Yale University

Understanding Black Women's Experiences of Sexual Satisfaction to Inform HIV Prevention

Principle Investigator(s):

Funder: National Institute of Mental Health
Project period: 07/11/2017 - 07/10/2018
Grant Type: Pilot Project

Abstract Text:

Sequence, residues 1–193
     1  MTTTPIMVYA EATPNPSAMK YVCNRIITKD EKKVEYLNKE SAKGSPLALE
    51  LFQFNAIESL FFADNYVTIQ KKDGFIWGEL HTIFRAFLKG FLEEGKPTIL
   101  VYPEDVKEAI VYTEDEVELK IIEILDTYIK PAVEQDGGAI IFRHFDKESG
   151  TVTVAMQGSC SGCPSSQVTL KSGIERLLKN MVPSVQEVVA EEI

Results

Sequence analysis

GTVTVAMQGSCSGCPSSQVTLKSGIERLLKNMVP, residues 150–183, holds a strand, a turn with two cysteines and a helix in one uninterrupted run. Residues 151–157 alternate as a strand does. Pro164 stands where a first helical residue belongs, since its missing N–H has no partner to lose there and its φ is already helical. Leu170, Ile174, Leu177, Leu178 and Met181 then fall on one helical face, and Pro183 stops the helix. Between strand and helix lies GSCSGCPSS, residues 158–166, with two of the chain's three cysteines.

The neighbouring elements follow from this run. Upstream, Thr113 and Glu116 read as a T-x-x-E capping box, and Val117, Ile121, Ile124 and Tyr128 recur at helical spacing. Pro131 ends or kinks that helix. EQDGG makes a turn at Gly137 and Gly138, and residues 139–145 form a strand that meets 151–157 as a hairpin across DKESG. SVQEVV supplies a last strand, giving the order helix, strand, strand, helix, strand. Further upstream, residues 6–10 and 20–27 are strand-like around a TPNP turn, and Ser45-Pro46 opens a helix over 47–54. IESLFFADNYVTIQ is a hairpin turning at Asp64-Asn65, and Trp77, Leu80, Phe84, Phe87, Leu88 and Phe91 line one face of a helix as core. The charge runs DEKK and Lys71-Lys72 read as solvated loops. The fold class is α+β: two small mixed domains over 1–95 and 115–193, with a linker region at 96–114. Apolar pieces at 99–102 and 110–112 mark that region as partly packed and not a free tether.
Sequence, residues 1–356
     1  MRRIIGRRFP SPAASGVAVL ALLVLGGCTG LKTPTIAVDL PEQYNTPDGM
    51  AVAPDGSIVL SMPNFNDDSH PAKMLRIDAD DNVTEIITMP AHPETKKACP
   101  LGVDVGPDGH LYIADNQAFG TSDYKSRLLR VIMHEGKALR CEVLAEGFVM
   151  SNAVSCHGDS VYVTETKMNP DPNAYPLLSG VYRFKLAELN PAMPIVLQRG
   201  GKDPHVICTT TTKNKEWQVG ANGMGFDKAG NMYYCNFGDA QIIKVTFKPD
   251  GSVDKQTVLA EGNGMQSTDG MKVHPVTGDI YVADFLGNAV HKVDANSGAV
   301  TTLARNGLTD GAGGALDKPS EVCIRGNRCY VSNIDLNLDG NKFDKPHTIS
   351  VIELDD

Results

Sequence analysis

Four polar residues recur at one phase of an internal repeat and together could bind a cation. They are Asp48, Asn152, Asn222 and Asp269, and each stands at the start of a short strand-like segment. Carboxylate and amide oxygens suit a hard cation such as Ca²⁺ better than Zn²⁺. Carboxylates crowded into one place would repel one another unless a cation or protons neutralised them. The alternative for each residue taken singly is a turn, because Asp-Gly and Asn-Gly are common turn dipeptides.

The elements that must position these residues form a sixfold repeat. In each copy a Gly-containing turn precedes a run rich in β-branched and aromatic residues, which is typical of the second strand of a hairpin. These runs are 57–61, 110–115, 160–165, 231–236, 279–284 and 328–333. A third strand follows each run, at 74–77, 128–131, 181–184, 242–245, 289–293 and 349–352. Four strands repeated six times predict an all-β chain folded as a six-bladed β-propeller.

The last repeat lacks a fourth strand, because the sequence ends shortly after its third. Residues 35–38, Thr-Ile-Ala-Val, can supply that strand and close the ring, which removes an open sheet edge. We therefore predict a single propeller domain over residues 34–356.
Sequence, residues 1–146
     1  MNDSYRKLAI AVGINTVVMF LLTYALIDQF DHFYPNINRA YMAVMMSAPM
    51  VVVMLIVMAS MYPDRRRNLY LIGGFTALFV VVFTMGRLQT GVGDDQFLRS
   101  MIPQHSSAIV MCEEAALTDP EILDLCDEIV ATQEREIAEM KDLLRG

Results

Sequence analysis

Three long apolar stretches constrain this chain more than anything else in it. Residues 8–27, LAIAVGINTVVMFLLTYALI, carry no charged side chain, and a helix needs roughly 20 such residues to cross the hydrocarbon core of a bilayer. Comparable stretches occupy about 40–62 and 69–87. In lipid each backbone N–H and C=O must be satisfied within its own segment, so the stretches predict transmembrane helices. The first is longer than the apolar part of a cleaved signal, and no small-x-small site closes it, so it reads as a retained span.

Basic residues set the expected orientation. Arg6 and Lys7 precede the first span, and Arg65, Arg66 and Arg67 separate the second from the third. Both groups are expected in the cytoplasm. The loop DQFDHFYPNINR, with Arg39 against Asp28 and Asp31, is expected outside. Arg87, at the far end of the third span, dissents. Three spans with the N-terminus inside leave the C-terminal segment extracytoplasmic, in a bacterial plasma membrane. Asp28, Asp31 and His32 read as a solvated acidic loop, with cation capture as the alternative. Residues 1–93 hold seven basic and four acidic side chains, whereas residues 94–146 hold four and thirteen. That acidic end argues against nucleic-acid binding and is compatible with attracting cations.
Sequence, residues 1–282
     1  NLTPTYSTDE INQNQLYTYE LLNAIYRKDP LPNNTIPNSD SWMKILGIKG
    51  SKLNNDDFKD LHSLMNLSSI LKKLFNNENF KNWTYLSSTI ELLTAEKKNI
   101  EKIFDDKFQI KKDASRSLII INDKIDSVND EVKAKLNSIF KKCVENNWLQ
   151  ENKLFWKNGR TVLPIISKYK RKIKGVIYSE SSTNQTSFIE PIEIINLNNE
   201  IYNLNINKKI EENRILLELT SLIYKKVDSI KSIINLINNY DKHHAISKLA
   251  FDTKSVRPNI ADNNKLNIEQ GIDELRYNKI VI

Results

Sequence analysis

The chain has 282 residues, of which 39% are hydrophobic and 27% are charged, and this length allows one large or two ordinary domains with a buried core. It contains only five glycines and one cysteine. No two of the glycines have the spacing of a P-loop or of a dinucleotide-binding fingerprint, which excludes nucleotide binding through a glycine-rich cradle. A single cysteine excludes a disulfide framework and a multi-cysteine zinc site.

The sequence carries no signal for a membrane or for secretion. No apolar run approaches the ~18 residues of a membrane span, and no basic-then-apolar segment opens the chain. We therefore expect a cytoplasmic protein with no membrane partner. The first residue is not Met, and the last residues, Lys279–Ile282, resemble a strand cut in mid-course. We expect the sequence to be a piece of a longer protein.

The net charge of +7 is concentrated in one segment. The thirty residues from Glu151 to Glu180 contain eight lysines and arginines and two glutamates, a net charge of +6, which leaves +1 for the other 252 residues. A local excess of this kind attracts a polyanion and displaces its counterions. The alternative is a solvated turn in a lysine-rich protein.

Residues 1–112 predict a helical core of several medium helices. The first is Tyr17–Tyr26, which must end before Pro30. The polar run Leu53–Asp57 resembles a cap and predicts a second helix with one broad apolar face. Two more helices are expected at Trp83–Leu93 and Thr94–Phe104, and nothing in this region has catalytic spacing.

One potential strategy for overcoming barriers to HIV prevention is to “eroticize” safer sex practices while encouraging sexual empowerment. However, despite emerging support for this prevention strategy, no current evidenced-based HIV prevention interventions for Black women pair pleasure promotion (e.g., eroticization and sexual empowerment) with prevention strategies. Thus, the purpose of the current mixed methods study is to conduct formative research that will 1) fill noted gaps in the literature, 2) utilize focus group data to inform the development of a pleasure and prevention model and a related measure, and 3) assess Black women’s interest in and openness to pleasure-focused programming. For phase I (qualitative component), 6-8 focus groups (N=64) will be conducted with heterosexually active self-identified Black (i.e., women of African ancestry) American women between the ages of 18 – 35 (group with increased risk for HIV infection) to define features of and motivations for satisfying heterosexual experiences. For phase II, results from phase I will be used to develop a measure to assess sexual satisfaction related empowerment, knowledge, and peer norms. Utilizing a cross-sectional design, heterosexually active self-identified Black women between the ages of 18 – 35 (N=225) will complete a questionnaire that will assess the nature of relationships between pleasure related factors (identified via the qualitative study) and HIV risk reduction behaviors (i.e., frequency of condom use, number of sexual partners, condom use efficacy, assertive sexual communication efficacy, condom negotiation efficacy, and positive attitudes toward prevention strategies). Results from this innovative study will provide new information about the sexual health of Black women that will support contemporary prevention strategies among the population of women most impacted by HIV in the US.